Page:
One of the pieces of relationship advice that you often hear people giving (and misusing) is that relationships are about sacrifice, you know that thing we do when we give up something of value in order to make something else more worthy or important. Now here’s the thing:
Any relationship, romantic or otherwise, has a level of sacrifice. This is actually the case with any decision that we make about anything because there are trade-offs, so for instance, if we decide to be self-employed, we give up the stability of the job we’re in for the freedom and sense of ownership that we might enjoy by being our own boss. With it comes a great deal of uncertainty and certain stresses that we don’t get with employment but it’s the sacrifice we make and many good things come out of it.
The trade-off of deciding to be in a relationship is that we give up the freedom of singledom or casual relationships for the freedom of being in a mutually fulfilling healthy relationship. We trade what might be the uncertainty (and any excitement that might bring) for the certainty and yeah, to a degree, the predictability of being in a relationship with the same person and making ourselves available to them.
Whatever the sacrifice is that we make though, one we should never make is sacrificing us.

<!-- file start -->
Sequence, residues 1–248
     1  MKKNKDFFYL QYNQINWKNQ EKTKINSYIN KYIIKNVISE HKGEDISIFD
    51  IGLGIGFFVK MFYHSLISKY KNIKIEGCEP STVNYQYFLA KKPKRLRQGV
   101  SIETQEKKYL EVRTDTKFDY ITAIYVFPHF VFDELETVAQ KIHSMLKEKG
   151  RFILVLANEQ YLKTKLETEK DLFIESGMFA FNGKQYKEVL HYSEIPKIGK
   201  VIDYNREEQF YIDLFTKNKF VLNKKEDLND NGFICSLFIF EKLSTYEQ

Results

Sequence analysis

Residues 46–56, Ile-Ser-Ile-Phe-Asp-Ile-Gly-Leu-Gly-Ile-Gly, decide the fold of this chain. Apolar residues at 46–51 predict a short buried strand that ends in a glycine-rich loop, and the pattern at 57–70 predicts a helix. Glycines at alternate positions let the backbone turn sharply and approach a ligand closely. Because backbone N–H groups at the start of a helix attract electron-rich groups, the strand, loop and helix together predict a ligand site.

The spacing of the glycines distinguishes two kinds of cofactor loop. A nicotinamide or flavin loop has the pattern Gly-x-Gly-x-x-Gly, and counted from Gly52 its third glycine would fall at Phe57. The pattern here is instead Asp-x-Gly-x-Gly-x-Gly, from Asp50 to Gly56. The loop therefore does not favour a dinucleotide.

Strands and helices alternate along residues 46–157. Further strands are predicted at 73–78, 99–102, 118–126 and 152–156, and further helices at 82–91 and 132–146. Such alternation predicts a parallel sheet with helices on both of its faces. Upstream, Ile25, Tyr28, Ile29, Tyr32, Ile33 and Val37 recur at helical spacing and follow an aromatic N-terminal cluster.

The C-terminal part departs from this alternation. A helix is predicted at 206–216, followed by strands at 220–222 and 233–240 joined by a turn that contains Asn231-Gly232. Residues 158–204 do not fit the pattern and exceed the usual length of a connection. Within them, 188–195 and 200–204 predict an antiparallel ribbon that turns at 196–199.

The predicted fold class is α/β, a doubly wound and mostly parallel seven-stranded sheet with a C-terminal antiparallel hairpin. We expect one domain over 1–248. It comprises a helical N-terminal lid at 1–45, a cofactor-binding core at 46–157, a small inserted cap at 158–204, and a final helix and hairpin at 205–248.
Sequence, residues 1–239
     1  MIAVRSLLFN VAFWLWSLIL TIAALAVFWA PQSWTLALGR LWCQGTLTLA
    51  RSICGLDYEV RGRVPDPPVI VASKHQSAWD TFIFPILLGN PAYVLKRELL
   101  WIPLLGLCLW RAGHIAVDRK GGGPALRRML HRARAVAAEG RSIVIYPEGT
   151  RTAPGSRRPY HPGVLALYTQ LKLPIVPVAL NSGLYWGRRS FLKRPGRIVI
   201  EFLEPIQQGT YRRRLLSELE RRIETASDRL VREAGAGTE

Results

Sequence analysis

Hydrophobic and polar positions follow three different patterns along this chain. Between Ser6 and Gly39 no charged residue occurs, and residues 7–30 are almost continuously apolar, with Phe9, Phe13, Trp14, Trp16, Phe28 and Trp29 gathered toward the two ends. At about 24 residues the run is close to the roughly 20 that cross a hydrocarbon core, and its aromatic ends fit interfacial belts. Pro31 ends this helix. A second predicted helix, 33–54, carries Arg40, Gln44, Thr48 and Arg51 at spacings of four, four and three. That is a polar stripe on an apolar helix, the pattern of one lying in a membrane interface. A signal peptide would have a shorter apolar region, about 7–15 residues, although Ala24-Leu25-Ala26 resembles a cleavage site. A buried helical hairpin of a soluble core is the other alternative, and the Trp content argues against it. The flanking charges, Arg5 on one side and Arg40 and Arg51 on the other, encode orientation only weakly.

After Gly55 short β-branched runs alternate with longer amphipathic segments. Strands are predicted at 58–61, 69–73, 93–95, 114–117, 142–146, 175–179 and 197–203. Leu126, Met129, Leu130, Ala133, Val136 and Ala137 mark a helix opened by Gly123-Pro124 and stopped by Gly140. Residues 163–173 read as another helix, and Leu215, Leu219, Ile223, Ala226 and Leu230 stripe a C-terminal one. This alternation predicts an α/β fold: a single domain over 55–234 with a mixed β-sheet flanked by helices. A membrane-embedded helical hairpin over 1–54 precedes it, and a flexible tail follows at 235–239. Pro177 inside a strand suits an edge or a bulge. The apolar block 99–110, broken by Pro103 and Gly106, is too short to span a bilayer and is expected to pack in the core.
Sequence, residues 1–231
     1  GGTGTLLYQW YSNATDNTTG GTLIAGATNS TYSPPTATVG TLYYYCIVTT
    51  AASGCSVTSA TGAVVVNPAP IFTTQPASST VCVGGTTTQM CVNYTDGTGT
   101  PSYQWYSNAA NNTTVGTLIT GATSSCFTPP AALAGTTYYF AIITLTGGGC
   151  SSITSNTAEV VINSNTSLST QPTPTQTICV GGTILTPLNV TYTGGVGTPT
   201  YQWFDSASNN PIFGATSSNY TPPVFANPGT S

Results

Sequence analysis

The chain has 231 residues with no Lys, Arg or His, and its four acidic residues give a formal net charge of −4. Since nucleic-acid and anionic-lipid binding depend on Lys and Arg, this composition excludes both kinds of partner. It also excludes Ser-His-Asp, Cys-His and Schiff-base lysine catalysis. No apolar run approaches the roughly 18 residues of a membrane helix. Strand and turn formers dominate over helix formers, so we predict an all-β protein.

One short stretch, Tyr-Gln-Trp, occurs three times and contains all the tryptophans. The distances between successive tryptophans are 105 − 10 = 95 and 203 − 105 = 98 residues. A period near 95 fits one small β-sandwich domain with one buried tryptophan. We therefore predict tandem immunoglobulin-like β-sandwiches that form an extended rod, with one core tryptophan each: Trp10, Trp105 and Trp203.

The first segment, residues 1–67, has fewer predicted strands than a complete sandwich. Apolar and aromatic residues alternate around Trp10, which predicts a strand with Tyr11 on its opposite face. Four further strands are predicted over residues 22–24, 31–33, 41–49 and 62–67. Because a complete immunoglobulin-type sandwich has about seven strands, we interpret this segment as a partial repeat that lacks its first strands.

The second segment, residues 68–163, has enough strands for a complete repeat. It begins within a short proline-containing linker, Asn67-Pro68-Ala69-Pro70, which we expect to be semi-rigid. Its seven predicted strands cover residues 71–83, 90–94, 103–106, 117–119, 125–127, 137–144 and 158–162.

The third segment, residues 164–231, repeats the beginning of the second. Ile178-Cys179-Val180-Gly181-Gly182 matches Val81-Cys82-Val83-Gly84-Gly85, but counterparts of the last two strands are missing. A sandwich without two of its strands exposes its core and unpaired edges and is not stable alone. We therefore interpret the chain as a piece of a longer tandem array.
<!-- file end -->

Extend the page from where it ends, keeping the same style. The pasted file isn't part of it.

Many people share stories with me of pain and suffering that in essence amounts to them believing that sacrificing themselves is love. No it’s not! The only people who sacrifice themselves are the ones who don’t believe in their worth. They give themselves up because they think that by making the other person as more valuable, that they will gain self-worth. It’s like, I’m making you better than me so if you will treat me right, love me, change etc, this will mean that I am now worthy and important. They make a martyr of themselves because they continue with the painful behaviour and choices no matter the cost.
When we act as if we’re the sacrificial lamb in our relationships, we’re actually allowing us to be destroyed or to have our use exhausted to fulfil a purpose. Seriously–who told us that our purpose is to pump people up?
If you haven’t been treating and regarding you with love, care, trust and respect, can you see how this has impacted on who you who you are attracted to and remain around?
When you’ve felt that you were less than and put your needs, desires, expectations, feelings, opinions and beliefs on the back burner along with your boundaries, you sacrifice you in relationships in order to say, “Hey! I’m worthy enough to be loved”.
Choosing a partner to increase your worth is you looking outside of you, which is self-defeating because it’s external esteem not self-esteem so it’s like shifting sands. By looking to someone else to make you feel good about you, you’re trying to cover up feelings of low self-worth but actually end up exacerbating them. Romantic relationships hide feelings of low self-worth for a time but the moment that the honeymoon fades or you have to deal with reality, conflict, criticism, and basically this person not being perfect, those feelings will start poking at you.
The relationship is used to prove your value and your partner has the job of making you happy.